Cucumbers under cover were average, which was good enough really as I certainnly had enough for my own needs. These two were the last two harvested this season

Gherkins were the best ever, and there are several jars of them nw pickled, although they are larger ones sliced, rather than the little ones I would have preferred. Next year I am thinking of trying for more plants and cut fruits when immature

Melons were a bit of a surprise as I thought the plants had died. Instead, they had scrambled behind a shelving stand, and produced two fruits, one of which was miniscule. Better than no melons at all I guess!


The Sweet Pepper plants however have been very successful in the polytunnel, Chillies less so as they were slow to get going.  Clockwise from the top are Gogorez, KIng's Mixed Sweet (black & orange) Golden Greek Chillies, a single Jalapeno, Cherry Bomb Chillies, green Poblanos and Long Red Marconi. Lots have already been eaten of course, hence the single Jalapeno. As well as stuffed peppers, and sliced in salads, some peppers will be roasted and then frozen for use during the cold months. Chillies freeze very well whole, and can then be sliced straight before use. I like doing this with green ones like these Poblanos, as they add such a good flavour to dishes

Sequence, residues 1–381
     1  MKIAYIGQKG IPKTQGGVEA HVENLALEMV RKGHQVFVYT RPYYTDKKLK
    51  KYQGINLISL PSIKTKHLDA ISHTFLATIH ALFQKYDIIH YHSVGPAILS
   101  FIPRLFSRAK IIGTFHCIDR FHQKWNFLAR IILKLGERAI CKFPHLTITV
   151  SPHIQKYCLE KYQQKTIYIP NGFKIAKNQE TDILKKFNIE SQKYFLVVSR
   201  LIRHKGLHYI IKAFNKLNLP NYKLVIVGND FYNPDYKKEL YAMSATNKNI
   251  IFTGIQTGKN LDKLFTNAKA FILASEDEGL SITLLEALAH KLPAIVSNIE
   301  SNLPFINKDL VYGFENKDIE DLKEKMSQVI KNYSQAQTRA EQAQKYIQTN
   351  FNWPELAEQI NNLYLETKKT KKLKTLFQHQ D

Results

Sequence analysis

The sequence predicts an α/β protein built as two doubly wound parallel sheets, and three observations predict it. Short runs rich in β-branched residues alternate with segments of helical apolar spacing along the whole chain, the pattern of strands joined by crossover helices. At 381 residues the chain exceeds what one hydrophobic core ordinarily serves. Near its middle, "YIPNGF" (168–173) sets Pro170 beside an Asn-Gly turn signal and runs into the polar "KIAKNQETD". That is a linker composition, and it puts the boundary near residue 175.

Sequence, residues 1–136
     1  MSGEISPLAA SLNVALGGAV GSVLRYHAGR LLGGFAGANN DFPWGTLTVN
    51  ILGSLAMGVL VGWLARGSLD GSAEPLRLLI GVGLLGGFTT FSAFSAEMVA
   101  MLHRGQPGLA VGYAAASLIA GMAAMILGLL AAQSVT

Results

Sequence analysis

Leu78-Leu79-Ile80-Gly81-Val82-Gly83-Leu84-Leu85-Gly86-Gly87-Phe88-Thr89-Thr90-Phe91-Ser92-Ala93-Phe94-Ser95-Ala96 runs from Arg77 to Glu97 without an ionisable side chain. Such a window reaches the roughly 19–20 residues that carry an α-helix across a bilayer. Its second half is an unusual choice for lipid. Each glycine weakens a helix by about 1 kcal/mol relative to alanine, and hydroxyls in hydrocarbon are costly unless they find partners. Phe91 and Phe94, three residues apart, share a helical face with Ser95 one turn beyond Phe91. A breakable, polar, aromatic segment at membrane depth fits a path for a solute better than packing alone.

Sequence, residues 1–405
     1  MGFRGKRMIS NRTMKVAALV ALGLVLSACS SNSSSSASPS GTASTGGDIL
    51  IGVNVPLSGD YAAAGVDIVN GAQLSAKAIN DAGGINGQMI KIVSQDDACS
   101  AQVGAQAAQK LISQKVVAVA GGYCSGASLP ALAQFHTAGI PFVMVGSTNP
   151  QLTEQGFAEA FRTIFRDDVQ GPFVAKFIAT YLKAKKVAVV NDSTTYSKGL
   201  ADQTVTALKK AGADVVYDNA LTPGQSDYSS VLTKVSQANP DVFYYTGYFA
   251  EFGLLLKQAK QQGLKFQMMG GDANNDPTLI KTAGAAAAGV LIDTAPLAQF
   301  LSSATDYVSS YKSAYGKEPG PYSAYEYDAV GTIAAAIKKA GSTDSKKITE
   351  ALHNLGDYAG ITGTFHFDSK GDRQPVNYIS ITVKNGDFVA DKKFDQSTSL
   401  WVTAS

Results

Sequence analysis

Kale is doing well, and the Black Tuscany is produsing enough leaves to harvest a portion two or three times a week, and the stems are still tender enough to be eaten too .They have recovered well from the caterpillar onslaught, caused when the nettting developed some unseen holes: unseen by me, not unseen by butterflies of course